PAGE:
, SEOUL, Jan 25 – Five Somali pirates captured during a dramatic raid by South Korean navy commandos on a hijacked ship last week should face trial in South Korea, Seoul\’s foreign minister said Tuesday.
"As a sovereign country, our government has an undoubted right to punish those who attacked our people," Kim Sung-Hwan told a press conference.
Kim also rejected criticism of last Friday\’s raid on the Samho Jewelry, a 11,500-ton freighter hijacked on January 15 in the Arabian Sea.
Eight pirates were killed and five seized while 21 crew members were rescued. All crew were unhurt apart from the skipper, who was hit by three shots from pirates and is in hospital in Oman.
Despite successful raids last week by both the South Korean and Malaysian navies, the European Union Naval Force off the Horn of Africa said it would not follow suit because such raids could further endanger hostages.
"I reject any criticism against a military operation which was aimed to rescue our people from those who threatened their lives," Kim said in answer to a question.
Defence Minister Kim Kwan-Jin said Monday that the captured pirates should be tried in South Korea.
But he also told lawmakers he would consult with other ministries about the possibility of swapping them for the crew of another South Korean ship, the Geummi 305.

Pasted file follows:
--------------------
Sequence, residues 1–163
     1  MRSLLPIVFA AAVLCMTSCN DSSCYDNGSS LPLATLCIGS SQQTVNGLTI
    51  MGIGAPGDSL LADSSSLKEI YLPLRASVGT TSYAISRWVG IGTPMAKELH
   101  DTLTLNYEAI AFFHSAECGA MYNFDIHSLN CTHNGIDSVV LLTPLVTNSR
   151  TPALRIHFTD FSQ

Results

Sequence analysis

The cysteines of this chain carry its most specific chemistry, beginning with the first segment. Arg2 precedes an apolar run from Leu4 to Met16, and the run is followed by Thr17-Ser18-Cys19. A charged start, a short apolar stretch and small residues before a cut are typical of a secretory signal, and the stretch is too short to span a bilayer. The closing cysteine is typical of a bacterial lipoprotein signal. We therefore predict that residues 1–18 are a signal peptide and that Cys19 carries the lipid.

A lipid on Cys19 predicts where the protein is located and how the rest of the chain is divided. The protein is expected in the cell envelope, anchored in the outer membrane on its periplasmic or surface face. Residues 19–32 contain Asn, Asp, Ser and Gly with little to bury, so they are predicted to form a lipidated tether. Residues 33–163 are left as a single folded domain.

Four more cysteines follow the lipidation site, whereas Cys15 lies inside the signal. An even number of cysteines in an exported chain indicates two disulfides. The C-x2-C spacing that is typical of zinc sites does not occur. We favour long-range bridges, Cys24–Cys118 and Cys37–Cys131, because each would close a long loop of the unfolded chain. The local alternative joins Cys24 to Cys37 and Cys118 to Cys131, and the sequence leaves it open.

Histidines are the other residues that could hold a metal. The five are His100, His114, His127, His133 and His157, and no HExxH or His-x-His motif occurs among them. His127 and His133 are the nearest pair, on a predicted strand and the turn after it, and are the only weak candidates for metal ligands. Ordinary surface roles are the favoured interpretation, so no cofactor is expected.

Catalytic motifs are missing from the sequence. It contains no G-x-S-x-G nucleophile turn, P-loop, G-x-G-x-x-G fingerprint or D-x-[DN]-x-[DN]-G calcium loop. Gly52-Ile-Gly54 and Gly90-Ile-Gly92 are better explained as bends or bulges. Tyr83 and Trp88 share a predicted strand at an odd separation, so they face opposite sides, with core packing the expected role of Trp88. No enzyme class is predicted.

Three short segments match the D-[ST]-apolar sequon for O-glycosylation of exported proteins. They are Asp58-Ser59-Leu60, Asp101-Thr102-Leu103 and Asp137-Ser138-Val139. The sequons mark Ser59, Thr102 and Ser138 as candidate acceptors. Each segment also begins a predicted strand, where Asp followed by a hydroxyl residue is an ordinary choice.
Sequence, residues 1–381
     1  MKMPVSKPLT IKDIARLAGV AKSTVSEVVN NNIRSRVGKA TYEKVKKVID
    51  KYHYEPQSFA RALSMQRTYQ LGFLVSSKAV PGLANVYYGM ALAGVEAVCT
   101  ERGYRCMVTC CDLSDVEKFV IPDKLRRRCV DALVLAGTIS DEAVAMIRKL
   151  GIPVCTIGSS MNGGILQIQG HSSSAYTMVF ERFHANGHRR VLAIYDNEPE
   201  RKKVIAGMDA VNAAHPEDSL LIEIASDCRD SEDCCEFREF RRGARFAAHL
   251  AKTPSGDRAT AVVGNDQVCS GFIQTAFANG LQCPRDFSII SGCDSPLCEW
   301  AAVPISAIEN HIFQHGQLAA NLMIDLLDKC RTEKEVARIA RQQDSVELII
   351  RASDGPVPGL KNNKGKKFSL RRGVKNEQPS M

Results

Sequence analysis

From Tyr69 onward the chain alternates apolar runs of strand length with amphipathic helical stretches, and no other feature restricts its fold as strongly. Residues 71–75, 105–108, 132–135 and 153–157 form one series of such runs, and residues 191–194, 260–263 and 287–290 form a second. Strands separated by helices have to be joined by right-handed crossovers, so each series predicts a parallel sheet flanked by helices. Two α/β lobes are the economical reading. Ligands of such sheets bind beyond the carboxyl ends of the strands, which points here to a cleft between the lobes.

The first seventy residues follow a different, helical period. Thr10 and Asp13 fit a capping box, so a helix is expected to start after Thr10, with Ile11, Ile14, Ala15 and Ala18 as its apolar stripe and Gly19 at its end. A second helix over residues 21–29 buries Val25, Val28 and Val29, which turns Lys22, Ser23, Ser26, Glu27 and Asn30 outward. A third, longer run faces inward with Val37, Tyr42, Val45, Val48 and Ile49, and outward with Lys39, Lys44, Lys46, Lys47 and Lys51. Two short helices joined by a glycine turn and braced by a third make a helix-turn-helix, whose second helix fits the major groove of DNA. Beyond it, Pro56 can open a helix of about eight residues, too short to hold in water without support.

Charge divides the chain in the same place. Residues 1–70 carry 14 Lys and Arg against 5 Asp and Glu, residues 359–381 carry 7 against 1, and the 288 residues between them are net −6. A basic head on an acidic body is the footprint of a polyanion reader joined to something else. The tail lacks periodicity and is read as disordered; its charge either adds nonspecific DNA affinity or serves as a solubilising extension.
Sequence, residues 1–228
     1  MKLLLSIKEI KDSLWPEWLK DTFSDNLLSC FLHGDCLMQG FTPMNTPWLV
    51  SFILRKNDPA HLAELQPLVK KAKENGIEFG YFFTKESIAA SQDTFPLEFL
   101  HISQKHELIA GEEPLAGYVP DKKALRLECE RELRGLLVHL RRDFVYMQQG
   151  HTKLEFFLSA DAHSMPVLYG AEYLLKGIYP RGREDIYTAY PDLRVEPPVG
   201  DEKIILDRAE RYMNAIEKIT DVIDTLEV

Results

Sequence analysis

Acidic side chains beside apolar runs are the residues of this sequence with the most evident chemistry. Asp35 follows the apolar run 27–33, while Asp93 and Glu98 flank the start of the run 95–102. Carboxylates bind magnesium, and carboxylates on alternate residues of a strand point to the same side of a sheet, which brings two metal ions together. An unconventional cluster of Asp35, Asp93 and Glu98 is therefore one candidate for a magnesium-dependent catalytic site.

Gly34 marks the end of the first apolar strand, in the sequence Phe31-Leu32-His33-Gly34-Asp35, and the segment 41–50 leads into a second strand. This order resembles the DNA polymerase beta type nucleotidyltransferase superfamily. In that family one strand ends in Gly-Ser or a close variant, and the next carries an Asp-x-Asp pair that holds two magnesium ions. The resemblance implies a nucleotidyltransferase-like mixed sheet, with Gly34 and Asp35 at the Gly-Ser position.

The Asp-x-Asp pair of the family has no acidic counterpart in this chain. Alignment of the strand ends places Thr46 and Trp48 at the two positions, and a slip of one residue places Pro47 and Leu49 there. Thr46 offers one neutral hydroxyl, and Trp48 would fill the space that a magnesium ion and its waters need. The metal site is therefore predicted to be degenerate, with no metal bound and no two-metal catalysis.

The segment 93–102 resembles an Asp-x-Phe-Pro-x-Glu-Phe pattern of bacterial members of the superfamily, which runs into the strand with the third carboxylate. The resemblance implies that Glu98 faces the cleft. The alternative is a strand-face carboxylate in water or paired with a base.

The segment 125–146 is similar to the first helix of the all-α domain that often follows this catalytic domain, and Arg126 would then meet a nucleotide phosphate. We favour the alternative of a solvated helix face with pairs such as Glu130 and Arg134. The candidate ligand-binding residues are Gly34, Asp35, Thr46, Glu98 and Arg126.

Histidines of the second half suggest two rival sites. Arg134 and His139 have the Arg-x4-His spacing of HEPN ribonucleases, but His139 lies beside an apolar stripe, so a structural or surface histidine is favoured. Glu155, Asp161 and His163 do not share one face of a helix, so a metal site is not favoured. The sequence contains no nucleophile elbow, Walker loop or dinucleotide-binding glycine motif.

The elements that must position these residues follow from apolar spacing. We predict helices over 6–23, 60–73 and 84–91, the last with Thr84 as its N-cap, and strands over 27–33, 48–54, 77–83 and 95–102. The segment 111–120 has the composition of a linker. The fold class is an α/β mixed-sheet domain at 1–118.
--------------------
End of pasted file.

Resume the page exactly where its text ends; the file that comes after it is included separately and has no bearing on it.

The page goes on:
The trawler with two South Koreans, two Chinese and 39 Kenyans aboard was hijacked on October 9 in the Indian Ocean.
Defence ministry spokesman Kim Min-Seok Tuesday ruled out a possible swap, saying that "it\’s not appropriate to make use of those who committed a crime".
Officials said a final decision on the captured pirates would be made as early as Thursday when the freed ship, escorted by a South Korean destroyer, arrives in the Omani port of Muscat.
The rescue was seen as a major morale boost for the South\’s military, which faced strong domestic criticism for a perceived weak response to North Korea\’s shelling of a border island in November.
It also sparked new calls for the release of the Geummi 305. Ransom negotiations remain stalled because the trawler\’s owners went bankrupt.
Foreign minister Kim said the government would do its best for the release of the trawler but repeated Seoul\’s official stance that there would be no direct negotiations with pirates.
Piracy has surged in recent years off Somalia, a lawless, war-torn country that sits astride one of the world\’s most important shipping routes, leading to the Suez Canal.
Dozens of ships have been hijacked and held for ransom. Since 2006 three South Korean vessels have been seized and released after ransoms were paid.